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After breakfast the chaplain considered his programme. First he had to see about burials. There might be one or two bodies lying near the Regimental Aid Post and others in the company areas, while there were bound to be several farther back—men who had been killed during the advance. Conditions in every battle were different, but frequently it was possible to have some movement in daylight round Battalion Headquarters, and the chaplain could arrange some burials. He would find a suitable place and get some graves dug and the bodies carried to them. Each had to be carefully identified and the personal possessions collected. He would open the shirt and remove one of the two coloured identity discs, cutting off the red one and leaving the green, as he unconsciously murmured the aid-to-memory, ‘Red for registration, green for grave.’ He had to check the name on the disc with the name in the paybook; then he searched each pocket and put everything he found into a parcel. Later these parcels were handed to the orderly-room sergeant when he came up from B Echelon.

When the bodies were ready for burial the chaplain would have a word with the Colonel. Perhaps it would be possible to fetch one or two of the man's friends and a time for the burial would be arranged. Often these burials had to wait for nightfall, and sometimes they were interrupted by shellfire. No respect for the dead justified the risk of one man's life. The little group stood round the grave as the chaplain read from his prayer book, but before the earth was piled on the blanket-covered body, a tin or a shell case containing a paper with all particulars would be placed in the grave. This was necessary because identity discs were made of a material which quickly rotted underground. The Germans and Italians more sensibly used metal discs.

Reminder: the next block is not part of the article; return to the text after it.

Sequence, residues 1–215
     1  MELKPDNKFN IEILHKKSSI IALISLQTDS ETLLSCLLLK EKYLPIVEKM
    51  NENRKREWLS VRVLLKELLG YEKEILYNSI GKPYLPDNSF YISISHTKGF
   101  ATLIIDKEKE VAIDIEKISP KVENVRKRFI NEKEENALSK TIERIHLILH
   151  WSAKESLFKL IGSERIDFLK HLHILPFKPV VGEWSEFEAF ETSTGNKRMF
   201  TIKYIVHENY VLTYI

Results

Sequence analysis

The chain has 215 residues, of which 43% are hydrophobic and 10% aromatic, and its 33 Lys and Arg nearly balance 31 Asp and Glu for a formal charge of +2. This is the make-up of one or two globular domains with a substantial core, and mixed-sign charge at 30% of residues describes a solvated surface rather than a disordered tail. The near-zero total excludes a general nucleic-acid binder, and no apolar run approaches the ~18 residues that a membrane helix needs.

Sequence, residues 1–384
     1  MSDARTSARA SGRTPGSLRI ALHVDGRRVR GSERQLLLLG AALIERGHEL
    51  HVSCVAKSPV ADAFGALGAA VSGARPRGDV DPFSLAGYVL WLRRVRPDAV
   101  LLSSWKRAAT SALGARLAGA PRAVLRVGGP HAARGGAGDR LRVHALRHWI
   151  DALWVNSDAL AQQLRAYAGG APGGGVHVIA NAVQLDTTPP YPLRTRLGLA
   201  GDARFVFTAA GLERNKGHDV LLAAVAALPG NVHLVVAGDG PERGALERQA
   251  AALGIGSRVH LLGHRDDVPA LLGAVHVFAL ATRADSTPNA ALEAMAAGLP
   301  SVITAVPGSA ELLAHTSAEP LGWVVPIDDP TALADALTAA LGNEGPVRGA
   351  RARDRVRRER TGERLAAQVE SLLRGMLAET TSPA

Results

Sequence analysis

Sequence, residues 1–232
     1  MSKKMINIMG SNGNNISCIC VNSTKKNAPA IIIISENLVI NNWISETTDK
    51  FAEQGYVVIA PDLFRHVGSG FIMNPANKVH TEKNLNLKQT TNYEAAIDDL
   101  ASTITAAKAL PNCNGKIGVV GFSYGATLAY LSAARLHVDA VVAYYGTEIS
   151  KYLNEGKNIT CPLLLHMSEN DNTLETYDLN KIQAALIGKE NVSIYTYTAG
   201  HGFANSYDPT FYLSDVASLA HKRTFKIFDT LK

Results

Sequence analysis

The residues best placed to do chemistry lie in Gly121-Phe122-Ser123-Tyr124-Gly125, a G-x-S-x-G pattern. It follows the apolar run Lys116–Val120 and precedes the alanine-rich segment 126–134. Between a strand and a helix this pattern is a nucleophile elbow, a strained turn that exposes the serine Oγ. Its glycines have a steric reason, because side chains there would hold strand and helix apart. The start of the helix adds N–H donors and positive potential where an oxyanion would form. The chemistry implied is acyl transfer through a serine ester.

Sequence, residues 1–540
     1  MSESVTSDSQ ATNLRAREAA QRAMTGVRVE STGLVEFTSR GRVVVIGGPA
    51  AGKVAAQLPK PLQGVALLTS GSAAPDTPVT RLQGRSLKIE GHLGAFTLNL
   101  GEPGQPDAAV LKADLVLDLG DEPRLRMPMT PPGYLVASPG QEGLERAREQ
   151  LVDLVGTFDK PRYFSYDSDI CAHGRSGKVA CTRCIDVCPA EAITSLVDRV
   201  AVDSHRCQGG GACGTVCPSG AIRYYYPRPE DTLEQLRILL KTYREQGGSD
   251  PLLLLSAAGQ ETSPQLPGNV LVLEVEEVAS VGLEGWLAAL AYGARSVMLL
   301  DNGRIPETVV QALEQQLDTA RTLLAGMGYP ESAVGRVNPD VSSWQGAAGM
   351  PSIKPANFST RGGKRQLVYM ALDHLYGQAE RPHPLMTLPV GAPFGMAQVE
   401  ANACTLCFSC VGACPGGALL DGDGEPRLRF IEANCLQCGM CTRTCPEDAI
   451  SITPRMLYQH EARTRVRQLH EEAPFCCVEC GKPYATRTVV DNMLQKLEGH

The chaplain had to see that the grave was well marked and all page 61 particulars—name, rank, number—carefully recorded in his notebook. Rough crosses would be made and inscribed, and a map reference for the grave obtained from the Intelligence Section. This map reference, with a small sketch map of the grave, would later help the Graves Registration Unit. From each paybook the chaplain copied the name and address of the next of kin, and later in the day would transfer this information to the special burial form, complete with sketch map on the back, which would then be handed with the parcels of personal belongings to the orderly-room sergeant.